Amino acid transporters in Trypanosoma brucei brucei

Marie-Pierre, Hasne (2001) Amino acid transporters in Trypanosoma brucei brucei. PhD thesis, University of Glasgow.

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Abstract

Two approaches have been used to investigate the nature of amino acid transport in T. brucei. The first approach involved studying the uptake of radiolabelled amino acids by the parasite, the second approach involved the identification, cloning and expression in a heterologous system of a gene encoding for a putative amino acid transporter.The biochemical approach revealed that methionine uptake was of relatively high affinity in procyclic and bloodstream forms and dependent on a proton motive force. The recognition motif of this transporter encompasses the amino acid core as well as the two carbon atoms of the side chain.The anionic amino acids, aspartate and glutamate, were shown to be taken up poorly or not at all by specific transport mechanisms in the two forms of the parasite. The aromatic amino acids, phenylalanine, tyrosine and tryptophan, are taken up via several different routes indicating the importance of these amino acids for the parasite.The cloning and expression of TbAATP1 in Xenopus oocytes revealed that this gene encodes for an amino acid transporter that is able to transport tyrosine, glutamine and glutamate.TbAATP1 is the first member of what was subsequently shown to be a family of genes, encompassing at least twelve members present on three different chromosomes (IV, VI, VIII). On chromosome IV six of these genes appeared to form a cluster.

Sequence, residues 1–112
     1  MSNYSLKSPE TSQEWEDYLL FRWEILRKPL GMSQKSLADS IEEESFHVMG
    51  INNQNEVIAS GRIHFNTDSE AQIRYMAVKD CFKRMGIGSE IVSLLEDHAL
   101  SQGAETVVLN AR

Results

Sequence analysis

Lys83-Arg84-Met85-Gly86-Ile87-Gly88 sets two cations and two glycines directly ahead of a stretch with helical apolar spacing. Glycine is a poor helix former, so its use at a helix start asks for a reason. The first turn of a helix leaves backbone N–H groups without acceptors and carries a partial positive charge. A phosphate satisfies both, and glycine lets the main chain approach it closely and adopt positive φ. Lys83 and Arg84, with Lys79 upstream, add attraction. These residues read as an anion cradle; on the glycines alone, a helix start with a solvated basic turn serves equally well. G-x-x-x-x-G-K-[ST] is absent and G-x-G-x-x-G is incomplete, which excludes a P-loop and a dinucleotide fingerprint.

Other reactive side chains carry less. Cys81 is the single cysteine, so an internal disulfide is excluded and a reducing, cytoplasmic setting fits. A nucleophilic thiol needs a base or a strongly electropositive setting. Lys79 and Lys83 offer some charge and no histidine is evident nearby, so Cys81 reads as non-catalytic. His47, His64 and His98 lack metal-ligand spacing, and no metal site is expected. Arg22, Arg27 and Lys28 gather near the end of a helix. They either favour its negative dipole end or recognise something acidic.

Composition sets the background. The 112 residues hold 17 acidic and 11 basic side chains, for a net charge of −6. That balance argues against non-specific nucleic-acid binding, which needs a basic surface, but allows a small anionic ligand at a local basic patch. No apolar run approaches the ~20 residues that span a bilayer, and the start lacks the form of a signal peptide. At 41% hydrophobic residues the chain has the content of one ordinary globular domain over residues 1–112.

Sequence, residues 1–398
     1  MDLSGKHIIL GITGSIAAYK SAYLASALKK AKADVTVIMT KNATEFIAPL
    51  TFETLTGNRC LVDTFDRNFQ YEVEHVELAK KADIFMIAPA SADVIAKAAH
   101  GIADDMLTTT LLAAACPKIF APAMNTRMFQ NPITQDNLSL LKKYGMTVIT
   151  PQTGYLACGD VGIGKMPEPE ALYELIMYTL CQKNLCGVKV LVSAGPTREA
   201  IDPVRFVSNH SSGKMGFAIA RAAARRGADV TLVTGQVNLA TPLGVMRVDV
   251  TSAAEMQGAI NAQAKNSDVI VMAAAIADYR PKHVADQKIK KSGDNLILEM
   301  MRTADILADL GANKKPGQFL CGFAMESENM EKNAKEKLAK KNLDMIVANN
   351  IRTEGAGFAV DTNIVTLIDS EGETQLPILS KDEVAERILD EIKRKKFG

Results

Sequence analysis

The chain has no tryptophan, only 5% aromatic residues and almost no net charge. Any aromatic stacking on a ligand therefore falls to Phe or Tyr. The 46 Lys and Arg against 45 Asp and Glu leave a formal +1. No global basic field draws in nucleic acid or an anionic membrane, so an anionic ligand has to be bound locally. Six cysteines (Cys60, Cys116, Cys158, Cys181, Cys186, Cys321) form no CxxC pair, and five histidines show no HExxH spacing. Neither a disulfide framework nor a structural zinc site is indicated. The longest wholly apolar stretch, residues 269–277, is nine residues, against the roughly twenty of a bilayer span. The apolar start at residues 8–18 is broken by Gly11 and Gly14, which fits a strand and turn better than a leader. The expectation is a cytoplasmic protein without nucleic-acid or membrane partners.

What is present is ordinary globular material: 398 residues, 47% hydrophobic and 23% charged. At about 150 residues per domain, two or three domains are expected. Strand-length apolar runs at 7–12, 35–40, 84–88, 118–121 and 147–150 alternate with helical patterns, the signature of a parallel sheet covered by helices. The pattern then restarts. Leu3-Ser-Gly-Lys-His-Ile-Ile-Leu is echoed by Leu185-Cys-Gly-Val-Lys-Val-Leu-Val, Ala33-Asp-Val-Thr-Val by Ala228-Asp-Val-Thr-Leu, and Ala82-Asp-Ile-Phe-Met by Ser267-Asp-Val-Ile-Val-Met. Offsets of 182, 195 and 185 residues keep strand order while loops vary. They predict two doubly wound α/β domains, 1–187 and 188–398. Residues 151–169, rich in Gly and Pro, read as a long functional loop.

Item Type: Thesis (PhD)
Qualification Level: Doctoral
Subjects: Q Science > QR Microbiology
Colleges/Schools: College of Medical Veterinary and Life Sciences > Institute of Infection Immunity and Inflammation
Funder's Name: UNSPECIFIED
Supervisor's Name: Barrett, Dr. M.P.
Date of Award: 2001
Depositing User: Miss Louise Annan
Unique ID: glathesis:2001-6544
Copyright: Copyright of this thesis is held by the author.
Date Deposited: 14 Jul 2015 08:46
Last Modified: 14 Jul 2015 08:52
URI: http://theses.gla.ac.uk/id/eprint/6544

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